MarketWatch: Africa SKD
Africa: An untapped automotive market. Or so it has been termed by many over the past decade. In this MarketWatch blog post we will look at the status of the African automotive field; explore what is currently happening in some key markets in relations to SKD/CKD vehicle assembly and which opportunities this creates both for the OEMs and for their Logistics Service Providers; before showcasing how we at Kar-Tainer have positioned ourselves over the past couple of years to support all involved players.
Africa Automotive at a Glance
Africa, particularly Sub-Saharan Africa, is home to some of the most populous countries in the world, housing some of the lowest vehicle populations around. Most of the countries in the region are also expected to see rapid economic growth over the coming years. Two factors which combined sets the precedence for huge investment interest and growth opportunity for the automotive industry.
South Africa has for decades been the automotive powerhouse on the continent, more recent years has also seen heavy automotive growth in North African countries like Morocco, Egypt, Algeria, Tunisia, and Libya. This has ultimately led to these countries having the highest vehicle populations on the continent.
If we compare car ownership per 1000 capita (spotty data collected from different reports from 2014-2020, summarized on Wikipedia), with the expected GDP growth in different African countries from 2019-2026, we can get a fairly good idea of where we can expect to see big growth in the Automotive industry in the coming years.
A Surge in Assembly Operations
Recent years has seen a surge in SKD assembly operations being set up in different African countries, even beyond the more established North- and South-African automotive clusters.
Besides the more traditional truck, bus, and other heavy machinery assembly operations that have been present over a longer time, we can observe SKD/CKD assembly operations already in operation, or with intention to start operations in the near future in countries such as The Ivory Coast, Ethiopia, Egypt, Ghana, Angola Kenya, Nigeria and Rwanda. The list in the right-side table is by all means not all-inclusive, as OEM Strategies in Africa are developing swiftly, country specific regulations and situation changes, parallel import operations open and close, and a myriad of other factors affect plans and intentions. It does however give an idea of the development efforts that are on the way in some of the more interesting Sub-Saharan African nations in terms of SKD assembly. Ethiopia, Ghana, Kenya, Nigeria and Rwanda are all countries which has traditionally had small national vehicle bases and are also expected to see big economic growth in the coming years. This coupled with relative stability and ease of doing business, gives a understanding into why OEMs are choosing these countries as base for their SKD assembly in these parts of Africa. We will also keep these countries in mind when proceeding to look at the regulative rationale for setting up assembly operations in Sub-Saharan countries in the below segment.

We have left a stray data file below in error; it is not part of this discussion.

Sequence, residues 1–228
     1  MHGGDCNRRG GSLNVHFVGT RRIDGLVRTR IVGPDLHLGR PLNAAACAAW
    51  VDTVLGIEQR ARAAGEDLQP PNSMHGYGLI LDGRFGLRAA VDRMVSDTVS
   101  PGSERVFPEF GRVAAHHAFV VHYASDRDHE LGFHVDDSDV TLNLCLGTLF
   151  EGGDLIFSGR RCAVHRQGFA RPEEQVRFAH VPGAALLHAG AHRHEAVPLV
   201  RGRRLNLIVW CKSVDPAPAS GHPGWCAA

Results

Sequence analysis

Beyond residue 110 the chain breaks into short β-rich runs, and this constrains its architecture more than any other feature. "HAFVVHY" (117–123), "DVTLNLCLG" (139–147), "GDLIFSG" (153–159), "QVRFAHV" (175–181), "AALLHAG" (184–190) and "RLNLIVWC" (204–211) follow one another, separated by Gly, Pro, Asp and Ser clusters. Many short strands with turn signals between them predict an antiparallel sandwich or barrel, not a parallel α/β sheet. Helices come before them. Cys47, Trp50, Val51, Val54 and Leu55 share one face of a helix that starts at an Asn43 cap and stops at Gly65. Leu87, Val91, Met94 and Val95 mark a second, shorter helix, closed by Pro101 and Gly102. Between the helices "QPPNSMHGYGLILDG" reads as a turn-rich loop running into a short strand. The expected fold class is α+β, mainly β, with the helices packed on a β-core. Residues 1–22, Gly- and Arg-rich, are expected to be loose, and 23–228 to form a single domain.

Vehicle safety and emission concerns have been a big driver for stricter regulations on secondhand vehicle imports across most African countries over the last couple years. Some countries like South Africa, Egypt, Morocco, Algeria and Sudan even have a straight up ban on import of second hand vehicles, while age limitations, emission standards, and incremental tax and excise duty based on vehicle age is being used at a growing rate across the continent.
The need for newer, safer and more environmentally friendly vehicles are also leading countries to push for localized assembly and manufacturing of new vehicles. Tools like preferential import duty for components, SKD and CKD vehicles; tax holidays for companies investing in local assembly capabilities; and duty rebate schemes for CBU imports (i.e. any OEM assembling X amount of SKD or CKD vehicles in the country, will get duty rebates for importing X amount of CBU vehicles, enabling the OEM to focus on volume production of a small amount of models, while importing a wider range of models from other production bases), are being implemented at a greater extent. Below chart summarize how some of these factors and tools are playing out in our five focus countries:
The regulatory field is an ever-changing landscape, and we suggest looking into government sources in the specific markets for up to date details. Or check out the list of sources we used to compile this table in the bottom of the post. However, the above list outlines some of the tools different countries are using to attract investment from and establish national automotive industries. Starting from SKD assembly of different levels, before moving on to full CKD assembly, and hopefully full-scale local manufacturing with relevant infrastructure and tier suppliers in place over the coming years and decades. Check out our previous blog post The World of Automotive SKD for more insights on different levels of vehicle knock-down, and the differences on CBU, SKD, and CKD.
These five countries have a combined population of almost 430 million people but sold in 2020 just above 40.000 new vehicles, most of which were imported. Needless to say, there is an immense market potential present. Besides this they are all members of the African Continental Free Trade Area (AfCFTA) which commenced January 1st, 2021. An agreement which will give OEMs with manufacturing capacity in the region free access to not just the domestic market where they assemble or manufacture cars, but also to the wider Sub-Saharan African market. We expect to see several automotive clusters popping up across the continent over the coming years and decades, but for the time being SKD and CKD assembly operations will be the norm. This is also where we at Kar-Tainer position ourselves to support the industry through our returnable SKD solutions.